- Valkyria Chronicles
- Sakura Taisen 2
Outer Wilds proves there's still a sense of genuine adventure to be gained from games that commit to a set, fixed structure and design, rather than the kind of sprawling, endless expanses many contemporary titles set out to become. Playing it brought to mind my favorite bits of Dr. Seuss' Oh, The Places You'll Go...except with more of the sun exploding.
In terms of content and presentation, Hatsune Miku: Project DIVA Future Tone is less a "Greatest Hits" compilation than a near-total PS4 remaster of more than half a dozen Miku games released over the last six years. What it lacks in frills, it makes up for in staggering volume, enough to satisfy anyone that's accepted Miku into their heart (that isn't already sick of playing older songs), or serve as a playable canon of popular Vocaloid compositions to pique the curiosity of the yet-to-be-converted.
Total War: Warhammer 2's inability to solve some longstanding franchise-wide issues don't really dampen the sense that this is the biggest, and one of the best, executions on the same formula. Adding that this is only the second game in a planned trilogy ends up only making me more excited to see what's in store for Total War: Warhammer 3.
When it's firing on all cylinders, Ace Combat 7 absolutely soars as a return to form for a series thought dormant. It'll be interesting to see how Bandai Namco might take things forward from here on, but for now, the series is flying high and steady once again.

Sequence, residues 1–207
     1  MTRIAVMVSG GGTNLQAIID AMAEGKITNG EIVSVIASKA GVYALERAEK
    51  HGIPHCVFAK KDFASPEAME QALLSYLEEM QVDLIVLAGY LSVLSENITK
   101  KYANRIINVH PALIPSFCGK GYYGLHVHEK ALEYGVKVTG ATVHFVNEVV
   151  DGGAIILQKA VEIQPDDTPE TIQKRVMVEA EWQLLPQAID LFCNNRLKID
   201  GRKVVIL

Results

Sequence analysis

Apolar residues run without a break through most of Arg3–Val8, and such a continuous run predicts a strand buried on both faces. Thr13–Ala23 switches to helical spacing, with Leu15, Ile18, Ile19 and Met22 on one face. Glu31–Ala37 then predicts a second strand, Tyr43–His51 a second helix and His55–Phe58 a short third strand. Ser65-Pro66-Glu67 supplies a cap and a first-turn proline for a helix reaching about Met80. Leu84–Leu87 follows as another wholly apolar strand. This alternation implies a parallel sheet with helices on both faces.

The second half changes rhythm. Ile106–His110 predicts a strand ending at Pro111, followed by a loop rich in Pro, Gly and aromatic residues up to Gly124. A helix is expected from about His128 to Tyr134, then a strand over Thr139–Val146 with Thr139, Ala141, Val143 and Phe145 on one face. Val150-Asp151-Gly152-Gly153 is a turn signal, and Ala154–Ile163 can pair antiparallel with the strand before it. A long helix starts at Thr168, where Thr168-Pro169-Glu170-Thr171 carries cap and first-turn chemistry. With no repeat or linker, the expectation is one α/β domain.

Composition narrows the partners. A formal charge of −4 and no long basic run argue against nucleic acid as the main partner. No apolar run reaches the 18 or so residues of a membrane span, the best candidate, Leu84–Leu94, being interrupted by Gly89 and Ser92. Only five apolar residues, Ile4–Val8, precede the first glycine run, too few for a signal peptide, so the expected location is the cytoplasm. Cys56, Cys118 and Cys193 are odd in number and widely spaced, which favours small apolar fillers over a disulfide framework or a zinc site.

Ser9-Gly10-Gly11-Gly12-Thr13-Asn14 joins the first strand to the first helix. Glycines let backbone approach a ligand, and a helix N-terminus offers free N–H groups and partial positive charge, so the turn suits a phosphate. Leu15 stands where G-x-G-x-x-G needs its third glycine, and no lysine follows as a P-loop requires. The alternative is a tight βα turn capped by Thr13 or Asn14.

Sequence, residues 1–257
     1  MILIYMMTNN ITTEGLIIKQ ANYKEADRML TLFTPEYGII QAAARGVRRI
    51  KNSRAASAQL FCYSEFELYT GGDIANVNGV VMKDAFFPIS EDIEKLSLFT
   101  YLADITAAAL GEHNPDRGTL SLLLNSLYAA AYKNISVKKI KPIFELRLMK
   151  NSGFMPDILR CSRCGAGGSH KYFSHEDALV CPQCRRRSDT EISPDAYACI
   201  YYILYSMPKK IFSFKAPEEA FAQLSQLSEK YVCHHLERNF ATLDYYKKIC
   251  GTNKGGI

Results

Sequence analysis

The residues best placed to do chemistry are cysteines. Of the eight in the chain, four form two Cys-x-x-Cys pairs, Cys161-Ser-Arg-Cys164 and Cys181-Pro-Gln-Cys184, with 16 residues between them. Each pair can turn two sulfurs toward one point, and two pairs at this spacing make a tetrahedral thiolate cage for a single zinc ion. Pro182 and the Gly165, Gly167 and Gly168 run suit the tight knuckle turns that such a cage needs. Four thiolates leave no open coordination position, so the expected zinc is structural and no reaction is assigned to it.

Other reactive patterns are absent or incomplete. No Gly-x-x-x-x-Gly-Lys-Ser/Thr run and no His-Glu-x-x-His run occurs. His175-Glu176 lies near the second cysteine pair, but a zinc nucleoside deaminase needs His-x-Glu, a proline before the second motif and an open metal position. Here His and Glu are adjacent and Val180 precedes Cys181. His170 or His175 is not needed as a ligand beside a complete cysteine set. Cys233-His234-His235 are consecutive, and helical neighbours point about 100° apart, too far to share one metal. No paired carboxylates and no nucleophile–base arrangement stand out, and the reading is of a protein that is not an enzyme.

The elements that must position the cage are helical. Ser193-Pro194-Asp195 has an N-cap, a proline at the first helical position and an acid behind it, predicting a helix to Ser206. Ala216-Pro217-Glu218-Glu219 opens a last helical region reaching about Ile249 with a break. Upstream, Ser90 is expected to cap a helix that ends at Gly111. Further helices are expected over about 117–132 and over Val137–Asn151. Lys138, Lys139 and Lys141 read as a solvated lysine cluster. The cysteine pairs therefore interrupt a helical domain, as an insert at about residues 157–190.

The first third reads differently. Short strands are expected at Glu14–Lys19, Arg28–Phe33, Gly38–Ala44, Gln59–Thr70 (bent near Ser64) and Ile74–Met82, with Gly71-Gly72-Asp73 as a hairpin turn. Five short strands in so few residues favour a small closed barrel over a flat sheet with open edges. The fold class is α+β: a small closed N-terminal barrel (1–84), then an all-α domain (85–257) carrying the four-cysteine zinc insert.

Zordon may have wanted "teens with attitude," but Chroma Squad and its unabashed, utterly geeky love-in for all things tokusatsu shows something even harder to find: A game with heart and soul. That heart shines through the rough edges, and in some ways even turns them to its advantage. It might have taken quite a while in getting here, but fans of spandex-clad superheroic finally have the videogame to help them fill that little fantasy.
Despite the gorgeously rendered city visuals and a goodly amount of text to be found by digging through random data terminals, Satellite Reign's city feel less like a world than a cyberpunk-themed playset. You direct your little squad of action figures around and play as you like, but rarely feel lost or immersed in the setting.
Perhaps it took a move to the home consoles and a years-delayed retouch, but God Eater Resurrection shines as a less demanding, flashier alternative to the likes of Monster Hunter. It'll never ask for the same depth of dedication, but it doesn't try to, and in (not) doing so, manages to prove that being the "diet" version of something isn't always a bad thing.